“We are proud of what we do. We have seen the water get so much cleaner since the ’70s.”

sludge_boat never quit (1 of 1)

William Edgar, Captain, Marine Workers Local 2906 Photo: Clarence Elie-Rivera

I love the water.

I grew up in the Bronx near Throggs Neck. There was a private beach with a lifeguard and teenagers used to all have boats.

My father and I fished on the grounds of SUNY Maritime College, where I ended up majoring in meteorology and oceanography.

I started working at the Dept. of Environmental Protection on Feb. 29, 1988. Getting a job with the city was one of the best things you could do at the time.

I have a very good job working in the harbor. I came in as a Mariner and worked my way up to 3rd Mate and was promoted to Captain.

The Captain is responsible for the whole ship. I pilot the ship.

I work with some very great people. The crew has a Captain, a Mate, two Mariners, a Chief Engineer and an Assistant Engineer. We all get along well.

There are five ships in service. Being able to maneuver these ships can be very challenging, but I really enjoy being on a ship.

DEP’s marine section has around 70 people, including shore side. We have seven crews. We work one 14-hour day and two 13-hour days.

We are usually on the sludge vessel Red Hook.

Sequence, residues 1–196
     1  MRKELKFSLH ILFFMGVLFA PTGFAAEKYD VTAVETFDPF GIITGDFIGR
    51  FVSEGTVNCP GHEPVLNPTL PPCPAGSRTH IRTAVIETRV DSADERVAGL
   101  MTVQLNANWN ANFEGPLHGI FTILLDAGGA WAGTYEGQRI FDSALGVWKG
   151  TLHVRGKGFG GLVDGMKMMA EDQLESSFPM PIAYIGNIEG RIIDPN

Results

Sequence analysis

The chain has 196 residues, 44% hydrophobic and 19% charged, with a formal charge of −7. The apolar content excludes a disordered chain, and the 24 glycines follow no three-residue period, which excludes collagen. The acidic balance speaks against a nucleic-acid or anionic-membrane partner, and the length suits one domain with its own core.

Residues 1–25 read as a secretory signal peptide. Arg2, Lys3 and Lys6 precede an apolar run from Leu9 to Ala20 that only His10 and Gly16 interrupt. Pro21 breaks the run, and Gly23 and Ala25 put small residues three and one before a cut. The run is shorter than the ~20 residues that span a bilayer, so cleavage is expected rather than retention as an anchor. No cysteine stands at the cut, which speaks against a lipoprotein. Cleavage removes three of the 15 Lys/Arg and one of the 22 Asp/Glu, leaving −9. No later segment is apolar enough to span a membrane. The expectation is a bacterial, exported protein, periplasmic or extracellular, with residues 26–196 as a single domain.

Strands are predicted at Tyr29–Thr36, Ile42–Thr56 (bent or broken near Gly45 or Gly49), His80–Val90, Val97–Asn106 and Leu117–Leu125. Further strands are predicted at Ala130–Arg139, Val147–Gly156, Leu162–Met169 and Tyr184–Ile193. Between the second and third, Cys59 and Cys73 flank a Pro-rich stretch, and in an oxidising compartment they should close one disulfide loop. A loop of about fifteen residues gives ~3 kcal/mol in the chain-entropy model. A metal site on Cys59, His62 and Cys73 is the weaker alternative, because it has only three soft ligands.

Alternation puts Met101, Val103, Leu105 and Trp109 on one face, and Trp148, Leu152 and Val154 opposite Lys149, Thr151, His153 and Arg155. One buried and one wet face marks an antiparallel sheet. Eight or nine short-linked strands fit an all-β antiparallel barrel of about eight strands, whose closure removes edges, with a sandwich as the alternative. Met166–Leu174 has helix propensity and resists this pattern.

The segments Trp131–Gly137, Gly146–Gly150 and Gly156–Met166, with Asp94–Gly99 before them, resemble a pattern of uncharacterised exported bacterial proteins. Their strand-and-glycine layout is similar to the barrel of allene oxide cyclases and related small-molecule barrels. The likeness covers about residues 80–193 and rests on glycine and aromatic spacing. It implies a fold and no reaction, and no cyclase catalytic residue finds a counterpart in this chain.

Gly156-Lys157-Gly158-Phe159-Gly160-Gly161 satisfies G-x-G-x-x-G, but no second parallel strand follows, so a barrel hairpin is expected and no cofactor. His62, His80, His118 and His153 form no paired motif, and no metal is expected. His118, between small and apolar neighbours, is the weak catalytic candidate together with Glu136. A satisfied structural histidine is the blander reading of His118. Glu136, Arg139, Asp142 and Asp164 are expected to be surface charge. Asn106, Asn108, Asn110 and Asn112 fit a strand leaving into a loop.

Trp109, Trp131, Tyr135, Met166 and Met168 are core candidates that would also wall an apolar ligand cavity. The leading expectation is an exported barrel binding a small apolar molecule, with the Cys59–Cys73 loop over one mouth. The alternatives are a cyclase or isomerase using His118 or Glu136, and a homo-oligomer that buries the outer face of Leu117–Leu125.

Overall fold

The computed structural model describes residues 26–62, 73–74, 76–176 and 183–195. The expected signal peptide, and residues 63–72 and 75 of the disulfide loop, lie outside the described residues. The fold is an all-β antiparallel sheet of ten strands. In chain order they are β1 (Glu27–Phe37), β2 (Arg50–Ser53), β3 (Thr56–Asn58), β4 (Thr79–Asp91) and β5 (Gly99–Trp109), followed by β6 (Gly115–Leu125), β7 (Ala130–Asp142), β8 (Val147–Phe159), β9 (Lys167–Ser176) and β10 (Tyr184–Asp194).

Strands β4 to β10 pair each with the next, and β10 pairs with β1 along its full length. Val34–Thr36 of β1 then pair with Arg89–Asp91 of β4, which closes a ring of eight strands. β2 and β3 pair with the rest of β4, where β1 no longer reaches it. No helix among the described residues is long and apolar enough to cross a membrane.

We take sludge from plants that don’t have dewatering facilities to plants with dewatering facilities. The sludge gets put on trucks and trains and sent to landfills.

Originally, treated sewage from the plants was dumped in the ocean at a 12-mile site. That dump site later moved to a 106-mile site.

Congress wanted to stop all ocean dumping, so the city built watering plants and stopped all ocean dumping in 1992.

We are proud of what we do. We have seen the water get so much cleaner since the ’70s. Now people are using the water for jet-skiing, canoeing and kayaking.

It’s a lot of responsibility. This job is very rewarding.

— Gregory N. Heires

This originally appeared in the September 2016 issue of Public Employee Press.

See the video below about the last voyage of S/V The Newtown Creek, which was one of the ships Captain Edgar had once commanded. It was sunk to become part of a diver’s reef in Florida.

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